2 Methods

The study of nanofluids’ thermophysical properties was carried out in accordance with the method presented by Al-Sulaiman et al. [24].

The nanofluid density was determined by the formula:(6)where ρnf – nanofluid density; ϕ – volume concentration of nanoparticles in the nanofluid; ρnp – nanoparticle density.

Isobaric heat capacity of nanofluids was calculated by the formula:(7) , cpρnp, – isobaric heat capacities of water, nanoparticles, and nanofluid (Tab. 1).

Table 1

Physical properties of nanoparticle and base liquid materials [23].

2.1. Thermodynamic calculation of a trigeneration plant using a solar collector

This study tested the operation of a trigeneration system (Fig. 2) including a solar collector. The total capacity of the plant for electricity generation, heating, and cooling was 500 MW. The operation of the trigeneration system was realized using a compensation cycle with superheated vapor. Implementing a refrigeration machine cycle with superheated vapor allows for obtaining more thermal efficiency compared to a cycle without superheated water vapor.

thumbnail Figure 2

Graphical representation of the cycle in T = s-coordinates.

Water (x3 = 0), at temperature T2 (point 3), is compressed by a pump V (process 3-5) by adiabat at s5 = s3 = const. At the same time, the water temperature increases (but very slightly) from T2 to T5 (points 3 and 5 are very close to each other), and the water pressure at the pump outlet grows from p2 to p1. The water from the pump flows into the solar collector and is heated from the temperature T5 to T4 – boiling point (process 5-4 – isobaric process at p1 = const). Water evaporates in the vapor generator (process 4-1 – isobaric-isothermal process of vapor formation at T1 = const and p1 = const). This process terminates (in point 1), and the saturated water vapor is fed to the vapor superheater V, where its temperature increases to the temperature T1 (process 4-1 – isobaric process of superheating vapor at p1 = const). Superheated dry water vapor is fed to the blades of turbine II, in which the expansion of the vapor takes place (process 1-2 – adiabatic expansion of the vapor, s1 = s2 = const) with the output of outside work lturb and production of electrical energy in an electric generator III. The temperature of exhaust vapor at the turbine outlet takes the value T2, pressure – p2 (T2T1 and p2p1). The degree of vapor dryness is also reduced (x2 < 1) and the vapor becomes wet (point 2 is in the area of wet vapor). Exhaust wet vapor with parameters x2, i2, p2, and T2 enters the water condenser IV, where it condenses (process 2-3 – isobaric-isothermal process at p2 = const and T2 = const). The cycle is completed. In the case of superheated vapor, its expansion in the turbine (process 1-2) is carried out to pressure p2, which is below the pressure p1 and ends in the region of wet vapor (in point 2 x2 < 1). In this case, point 2 is closer to the right boundary curve than in the previous case, i.e., in this process the vapor is dry. Due to this, the turbine operating conditions are easier than in vapor-power plants without vapor overheating and, therefore, the thermal efficiency of the cycle will increase. The amount of heat that is supplied to the working substance to heat it to boiling point (process 4-5) to convert it completely into a vaporous state, and to convert saturated water vapor into superheated one (process 5-1) was calculated as follows:(8) (9a)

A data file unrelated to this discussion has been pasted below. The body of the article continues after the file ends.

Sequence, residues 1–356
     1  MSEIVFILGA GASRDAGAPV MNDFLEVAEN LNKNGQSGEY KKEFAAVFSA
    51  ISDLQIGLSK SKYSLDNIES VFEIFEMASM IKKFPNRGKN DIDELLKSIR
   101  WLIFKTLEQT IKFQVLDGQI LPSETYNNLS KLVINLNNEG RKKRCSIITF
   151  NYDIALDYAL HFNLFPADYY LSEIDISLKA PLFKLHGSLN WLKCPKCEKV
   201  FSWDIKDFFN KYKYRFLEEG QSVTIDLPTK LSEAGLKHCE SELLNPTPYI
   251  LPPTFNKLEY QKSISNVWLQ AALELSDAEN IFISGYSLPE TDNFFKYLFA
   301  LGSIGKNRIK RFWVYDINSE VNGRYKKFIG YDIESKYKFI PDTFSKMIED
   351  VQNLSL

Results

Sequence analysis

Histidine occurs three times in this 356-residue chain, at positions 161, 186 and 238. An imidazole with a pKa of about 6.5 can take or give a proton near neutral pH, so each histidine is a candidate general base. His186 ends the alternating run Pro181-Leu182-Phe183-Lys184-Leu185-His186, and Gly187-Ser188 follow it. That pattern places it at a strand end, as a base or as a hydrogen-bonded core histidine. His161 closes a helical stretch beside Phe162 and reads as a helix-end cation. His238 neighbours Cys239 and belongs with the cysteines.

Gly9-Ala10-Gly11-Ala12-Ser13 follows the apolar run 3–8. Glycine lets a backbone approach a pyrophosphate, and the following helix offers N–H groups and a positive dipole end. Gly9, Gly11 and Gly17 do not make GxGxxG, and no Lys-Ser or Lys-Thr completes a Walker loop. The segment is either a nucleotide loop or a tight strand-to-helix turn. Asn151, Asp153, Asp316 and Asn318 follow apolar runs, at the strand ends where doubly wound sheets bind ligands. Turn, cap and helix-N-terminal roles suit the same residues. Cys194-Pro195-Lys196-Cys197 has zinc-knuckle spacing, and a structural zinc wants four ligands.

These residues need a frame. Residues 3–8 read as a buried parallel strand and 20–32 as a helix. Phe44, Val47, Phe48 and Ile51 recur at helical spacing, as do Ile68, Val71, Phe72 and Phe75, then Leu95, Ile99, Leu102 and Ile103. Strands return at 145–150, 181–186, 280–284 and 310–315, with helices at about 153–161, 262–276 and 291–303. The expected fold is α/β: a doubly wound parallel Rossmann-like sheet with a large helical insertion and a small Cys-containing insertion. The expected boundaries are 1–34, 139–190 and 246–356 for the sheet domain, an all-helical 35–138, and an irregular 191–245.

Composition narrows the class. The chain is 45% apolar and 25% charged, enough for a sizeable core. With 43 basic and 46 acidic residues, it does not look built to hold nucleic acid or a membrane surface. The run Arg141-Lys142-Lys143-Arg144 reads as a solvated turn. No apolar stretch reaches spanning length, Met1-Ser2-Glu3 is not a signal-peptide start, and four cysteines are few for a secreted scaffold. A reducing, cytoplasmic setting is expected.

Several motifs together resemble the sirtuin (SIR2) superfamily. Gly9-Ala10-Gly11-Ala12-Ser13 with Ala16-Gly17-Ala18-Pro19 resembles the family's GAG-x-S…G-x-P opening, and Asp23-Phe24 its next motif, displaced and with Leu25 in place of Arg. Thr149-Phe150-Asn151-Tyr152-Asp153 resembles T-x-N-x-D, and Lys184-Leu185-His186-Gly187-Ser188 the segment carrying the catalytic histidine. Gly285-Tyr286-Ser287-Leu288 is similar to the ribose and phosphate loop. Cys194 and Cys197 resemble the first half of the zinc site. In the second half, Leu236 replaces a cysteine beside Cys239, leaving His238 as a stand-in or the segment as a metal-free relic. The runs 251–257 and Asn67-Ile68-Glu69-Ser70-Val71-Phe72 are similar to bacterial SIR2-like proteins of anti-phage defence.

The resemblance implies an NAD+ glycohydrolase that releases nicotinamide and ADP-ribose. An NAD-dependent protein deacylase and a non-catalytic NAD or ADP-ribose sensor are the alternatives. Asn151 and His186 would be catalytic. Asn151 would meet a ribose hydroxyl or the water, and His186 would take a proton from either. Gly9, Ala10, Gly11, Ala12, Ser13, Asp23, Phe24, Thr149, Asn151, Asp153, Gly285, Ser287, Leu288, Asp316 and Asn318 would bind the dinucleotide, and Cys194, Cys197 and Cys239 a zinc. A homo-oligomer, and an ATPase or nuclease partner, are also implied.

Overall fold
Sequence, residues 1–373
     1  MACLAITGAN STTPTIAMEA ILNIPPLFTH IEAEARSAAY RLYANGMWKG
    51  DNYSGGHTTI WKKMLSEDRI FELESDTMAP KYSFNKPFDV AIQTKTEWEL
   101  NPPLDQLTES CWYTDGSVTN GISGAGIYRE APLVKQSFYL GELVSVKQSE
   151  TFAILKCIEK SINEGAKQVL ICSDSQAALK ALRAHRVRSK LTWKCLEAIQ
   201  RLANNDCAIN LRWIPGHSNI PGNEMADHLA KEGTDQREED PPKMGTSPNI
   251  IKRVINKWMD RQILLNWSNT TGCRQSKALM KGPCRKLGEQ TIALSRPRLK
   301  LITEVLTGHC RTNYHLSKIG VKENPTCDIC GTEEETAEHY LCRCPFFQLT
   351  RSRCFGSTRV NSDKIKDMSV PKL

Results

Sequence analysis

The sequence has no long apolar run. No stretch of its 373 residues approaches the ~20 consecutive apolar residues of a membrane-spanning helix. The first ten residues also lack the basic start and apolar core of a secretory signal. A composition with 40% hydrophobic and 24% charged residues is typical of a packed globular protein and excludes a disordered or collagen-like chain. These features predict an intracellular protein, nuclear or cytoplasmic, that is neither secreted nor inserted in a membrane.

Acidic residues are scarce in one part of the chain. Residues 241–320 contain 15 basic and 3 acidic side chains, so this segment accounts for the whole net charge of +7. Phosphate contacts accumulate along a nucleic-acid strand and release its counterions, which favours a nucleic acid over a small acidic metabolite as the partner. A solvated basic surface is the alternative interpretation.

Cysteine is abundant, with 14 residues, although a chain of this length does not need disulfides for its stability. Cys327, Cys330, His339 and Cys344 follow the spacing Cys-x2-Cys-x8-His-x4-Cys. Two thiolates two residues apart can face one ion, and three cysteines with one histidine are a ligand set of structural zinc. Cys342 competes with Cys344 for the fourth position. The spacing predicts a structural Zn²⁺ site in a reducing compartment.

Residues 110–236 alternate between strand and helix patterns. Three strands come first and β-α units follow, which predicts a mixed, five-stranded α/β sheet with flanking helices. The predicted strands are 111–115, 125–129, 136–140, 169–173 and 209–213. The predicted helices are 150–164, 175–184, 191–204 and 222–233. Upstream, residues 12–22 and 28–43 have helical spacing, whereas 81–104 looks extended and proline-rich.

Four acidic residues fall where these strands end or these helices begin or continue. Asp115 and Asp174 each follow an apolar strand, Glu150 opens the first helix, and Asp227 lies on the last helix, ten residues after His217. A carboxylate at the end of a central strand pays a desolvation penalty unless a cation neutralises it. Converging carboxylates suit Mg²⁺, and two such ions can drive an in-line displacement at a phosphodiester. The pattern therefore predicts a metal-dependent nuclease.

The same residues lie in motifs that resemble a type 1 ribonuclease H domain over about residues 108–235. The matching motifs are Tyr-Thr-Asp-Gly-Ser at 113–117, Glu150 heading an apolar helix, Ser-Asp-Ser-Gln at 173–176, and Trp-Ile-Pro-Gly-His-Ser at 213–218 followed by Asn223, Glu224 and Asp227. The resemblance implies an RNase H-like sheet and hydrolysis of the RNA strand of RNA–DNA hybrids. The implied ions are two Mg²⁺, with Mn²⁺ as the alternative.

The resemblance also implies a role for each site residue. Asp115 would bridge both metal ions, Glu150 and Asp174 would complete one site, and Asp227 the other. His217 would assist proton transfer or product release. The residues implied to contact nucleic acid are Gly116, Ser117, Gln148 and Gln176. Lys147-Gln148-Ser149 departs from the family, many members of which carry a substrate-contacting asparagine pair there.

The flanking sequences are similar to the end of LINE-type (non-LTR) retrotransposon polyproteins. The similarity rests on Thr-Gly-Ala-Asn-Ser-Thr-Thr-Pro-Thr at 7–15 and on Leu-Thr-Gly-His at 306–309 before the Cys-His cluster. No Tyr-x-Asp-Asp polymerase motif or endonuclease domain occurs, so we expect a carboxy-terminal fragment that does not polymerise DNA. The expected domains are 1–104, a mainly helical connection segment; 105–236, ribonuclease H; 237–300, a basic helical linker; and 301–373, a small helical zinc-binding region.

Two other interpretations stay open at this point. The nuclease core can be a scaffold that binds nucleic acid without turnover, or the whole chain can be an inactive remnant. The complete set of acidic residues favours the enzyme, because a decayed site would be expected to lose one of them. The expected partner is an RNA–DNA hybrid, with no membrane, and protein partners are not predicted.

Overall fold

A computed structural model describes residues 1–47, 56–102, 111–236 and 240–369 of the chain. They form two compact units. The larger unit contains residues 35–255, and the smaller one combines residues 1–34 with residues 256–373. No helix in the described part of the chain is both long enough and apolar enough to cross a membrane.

The amount of heat that is removed from the vapor in the condenser by the cooling water (process 2-3 – condensation) was calculated:(9b)

The thermal efficiency of a trigeneration plant is generally equal to:(10)where 1c = q1 – q2.

By substituting q1 and q2 for their calculated values, the following is obtained:(11)

However, i1 – i2 = lturb – (the work that the turbine produces), and i5 – i3 = lpump – (the work expended by the pump). Then:(12)where lcrev – cycle work in reverse process.

Since the work required to compress water is small, one can say that i5 − i3 ~ 0. Then for approximate calculations, one can use the formula:(13)